Chapter 2: “Modernity: Yesterday, Today, and Tomorrow” by Marshall Berman
Marshall Berman is not a postmodernist. You could argue that he is a modernist and a Leftist but you cannot argue that he is affiliated with the postmodern project. Since this is a postmodern reader this is interesting but rational, as his piece from his 1983 book All That is Solid Melts into Air: The Experience of Modernity serves as an excellent bridge between Foucault’s attitude limit and between the more rigorous critique.
Berman calls modernity a vital experience. According to him it has been in development now for several hundred years (53). It has been the tradition of destroying traditions in order to relocate people to centers where material growth is concentrated. The problem is, however, that in relocating these people to new arenas they are felt to appear helpless and as though they are the only ones enduring the spectacle of dislocation.
Why is this movement a spectacle? Because modernity makes it so with its relentless technological, social, communicative, economic, and national undertakings; the issue lies at its root: “on the other hand, as the modern public expands, it shatters into a multitude of fragments. (54)” So there is this cycle, as seen in the ever producing amount of fractions, of ‘doing one thing’ yet ‘promoting another’. Ergo, this is why thinkers like Marx and Nietzsche often wrote in a dialectic which began by promoting a thesis yet ended by anticipating its antithesis. One could call this mode of thought a promotion of the ‘modern man’ type of rationale, of the type of man needed in order to survive the modern epoch.
Even so the modern man dream is but that- a dream. Because many individuals individuate themselves through the expression of mediocrity, the law of self-liberation and emancipation only goes so far. This is seen most prominently in art and literature. This is where Berman asserts that “[Modernity’s] twentieth century successors have lurched far more towards rigid polarities and flat totalizations (59)” then their precursors; in other words, the contemporary stream of thinkers have very little to say about the past, present and future. This is why the Futurists degenerated in militarism and fascist apologia, why the revolutionary Left tried to find means of liberation which existed ‘outside’ that of the One-Dimensional Man paradigm, and why the ‘affirmative’ , ‘negative’ , and ‘withdrawn’ tendencies of the 1960 have either faded into obscurity or regrouped under postmodern labels. (60-4)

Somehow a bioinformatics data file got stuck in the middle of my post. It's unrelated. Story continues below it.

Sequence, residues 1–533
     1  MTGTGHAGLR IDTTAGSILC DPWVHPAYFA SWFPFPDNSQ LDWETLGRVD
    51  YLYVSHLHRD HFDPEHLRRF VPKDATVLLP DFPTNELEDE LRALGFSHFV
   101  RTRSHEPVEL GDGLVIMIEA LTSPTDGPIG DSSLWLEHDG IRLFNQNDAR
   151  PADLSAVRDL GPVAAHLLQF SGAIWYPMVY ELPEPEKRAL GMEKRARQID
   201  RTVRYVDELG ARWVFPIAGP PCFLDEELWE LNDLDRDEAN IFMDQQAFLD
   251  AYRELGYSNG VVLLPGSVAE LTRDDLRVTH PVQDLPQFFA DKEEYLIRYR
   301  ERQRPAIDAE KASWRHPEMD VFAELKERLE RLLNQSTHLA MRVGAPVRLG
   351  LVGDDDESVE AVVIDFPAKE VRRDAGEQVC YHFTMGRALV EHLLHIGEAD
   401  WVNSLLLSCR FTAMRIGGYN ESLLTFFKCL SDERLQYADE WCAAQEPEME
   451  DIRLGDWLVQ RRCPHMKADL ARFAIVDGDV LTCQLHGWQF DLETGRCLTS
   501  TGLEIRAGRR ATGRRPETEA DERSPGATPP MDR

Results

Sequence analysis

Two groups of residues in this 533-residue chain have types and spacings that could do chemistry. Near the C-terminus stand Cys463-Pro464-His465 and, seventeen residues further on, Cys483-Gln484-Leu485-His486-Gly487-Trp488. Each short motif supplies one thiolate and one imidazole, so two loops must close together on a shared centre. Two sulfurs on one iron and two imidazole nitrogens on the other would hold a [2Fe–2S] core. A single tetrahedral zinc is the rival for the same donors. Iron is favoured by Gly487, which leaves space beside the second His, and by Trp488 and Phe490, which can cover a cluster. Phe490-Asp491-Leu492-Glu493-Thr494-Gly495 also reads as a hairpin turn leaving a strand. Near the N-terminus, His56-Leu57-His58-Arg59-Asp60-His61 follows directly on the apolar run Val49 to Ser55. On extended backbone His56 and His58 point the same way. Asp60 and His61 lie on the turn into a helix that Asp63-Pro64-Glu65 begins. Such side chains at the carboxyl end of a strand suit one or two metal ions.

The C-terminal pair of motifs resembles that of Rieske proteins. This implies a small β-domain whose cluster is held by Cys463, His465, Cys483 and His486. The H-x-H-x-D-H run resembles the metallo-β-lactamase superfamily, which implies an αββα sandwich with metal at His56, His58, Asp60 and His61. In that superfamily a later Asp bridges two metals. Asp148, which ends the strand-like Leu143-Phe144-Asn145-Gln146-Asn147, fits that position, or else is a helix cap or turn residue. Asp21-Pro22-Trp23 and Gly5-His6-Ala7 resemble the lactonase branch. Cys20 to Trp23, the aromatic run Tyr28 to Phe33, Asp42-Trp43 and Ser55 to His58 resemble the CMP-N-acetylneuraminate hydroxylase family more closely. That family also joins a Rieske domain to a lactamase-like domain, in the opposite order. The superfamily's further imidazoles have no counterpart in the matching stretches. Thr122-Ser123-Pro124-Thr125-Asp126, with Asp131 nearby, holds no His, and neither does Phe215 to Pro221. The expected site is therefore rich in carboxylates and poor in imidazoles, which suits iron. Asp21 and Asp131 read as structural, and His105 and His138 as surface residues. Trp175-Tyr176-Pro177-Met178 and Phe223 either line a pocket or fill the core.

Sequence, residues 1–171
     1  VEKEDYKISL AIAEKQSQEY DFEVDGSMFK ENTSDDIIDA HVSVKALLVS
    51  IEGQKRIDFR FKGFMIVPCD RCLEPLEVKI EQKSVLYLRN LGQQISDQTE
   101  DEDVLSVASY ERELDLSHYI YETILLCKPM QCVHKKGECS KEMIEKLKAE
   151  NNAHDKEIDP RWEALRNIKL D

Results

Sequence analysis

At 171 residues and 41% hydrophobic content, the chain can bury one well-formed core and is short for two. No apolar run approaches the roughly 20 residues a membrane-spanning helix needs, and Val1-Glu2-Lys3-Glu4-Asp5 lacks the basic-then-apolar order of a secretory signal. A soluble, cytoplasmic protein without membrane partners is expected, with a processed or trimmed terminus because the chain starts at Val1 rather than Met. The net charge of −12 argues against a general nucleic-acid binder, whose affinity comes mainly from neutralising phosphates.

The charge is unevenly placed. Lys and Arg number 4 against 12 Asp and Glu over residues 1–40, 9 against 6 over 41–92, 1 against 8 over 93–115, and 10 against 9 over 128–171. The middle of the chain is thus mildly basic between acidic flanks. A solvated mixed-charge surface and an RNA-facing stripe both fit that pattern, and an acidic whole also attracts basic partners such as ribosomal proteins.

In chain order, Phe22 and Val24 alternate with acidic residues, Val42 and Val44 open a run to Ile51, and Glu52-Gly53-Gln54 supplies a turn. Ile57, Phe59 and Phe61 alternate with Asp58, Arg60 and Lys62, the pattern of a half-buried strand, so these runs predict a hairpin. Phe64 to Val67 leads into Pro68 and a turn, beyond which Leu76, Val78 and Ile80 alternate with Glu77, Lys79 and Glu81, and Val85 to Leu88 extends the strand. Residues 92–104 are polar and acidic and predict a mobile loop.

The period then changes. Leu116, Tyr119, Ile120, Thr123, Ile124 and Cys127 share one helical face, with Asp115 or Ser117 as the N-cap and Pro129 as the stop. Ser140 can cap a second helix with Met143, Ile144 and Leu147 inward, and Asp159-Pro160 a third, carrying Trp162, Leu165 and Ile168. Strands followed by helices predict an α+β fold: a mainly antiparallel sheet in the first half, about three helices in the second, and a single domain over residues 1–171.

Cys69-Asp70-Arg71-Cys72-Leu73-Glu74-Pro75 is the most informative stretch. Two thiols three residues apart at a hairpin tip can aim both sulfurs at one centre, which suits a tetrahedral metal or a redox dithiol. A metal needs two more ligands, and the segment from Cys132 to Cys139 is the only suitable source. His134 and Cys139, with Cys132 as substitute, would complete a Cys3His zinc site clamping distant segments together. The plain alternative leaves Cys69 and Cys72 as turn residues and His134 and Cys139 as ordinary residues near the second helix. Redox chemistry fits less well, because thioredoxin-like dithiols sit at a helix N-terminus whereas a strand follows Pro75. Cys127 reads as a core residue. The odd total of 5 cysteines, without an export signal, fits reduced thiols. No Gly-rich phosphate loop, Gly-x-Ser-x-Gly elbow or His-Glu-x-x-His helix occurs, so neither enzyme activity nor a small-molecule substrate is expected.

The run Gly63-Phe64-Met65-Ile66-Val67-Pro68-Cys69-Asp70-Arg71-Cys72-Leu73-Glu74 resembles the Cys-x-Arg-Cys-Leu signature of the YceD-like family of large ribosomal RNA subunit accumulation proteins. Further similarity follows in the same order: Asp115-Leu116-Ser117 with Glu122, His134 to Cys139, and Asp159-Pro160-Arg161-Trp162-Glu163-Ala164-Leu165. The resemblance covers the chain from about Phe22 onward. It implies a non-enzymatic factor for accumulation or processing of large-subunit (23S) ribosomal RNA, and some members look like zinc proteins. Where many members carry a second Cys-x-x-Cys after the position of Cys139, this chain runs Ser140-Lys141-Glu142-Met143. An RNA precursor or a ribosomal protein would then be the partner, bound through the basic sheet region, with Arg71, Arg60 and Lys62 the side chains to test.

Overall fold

A diffusion like this is why even great thinkers like Michel Foucault have slumped into becoming obsessed with institutional constructs and are unable to give a non-pessimistic outlook on politics and social interaction without invoking ‘discourses on power’. (65) Berman explains that “Foucault offers a generation from the 1960s a world-historical alibi for the sense of passivity and helplessness that gripped so many… in the 1970s.” Understood this way, Berman offers his own dialectical view of modernity which he says can help examine modernism as giving “us back a sense of our own modern roots, roots that go back over two hundred years. (66)” In the end this will allow us to re-connect with our fellow man, man who is in the process of being traumatized by modernity in the same sense of seeing all that he knew melt into air.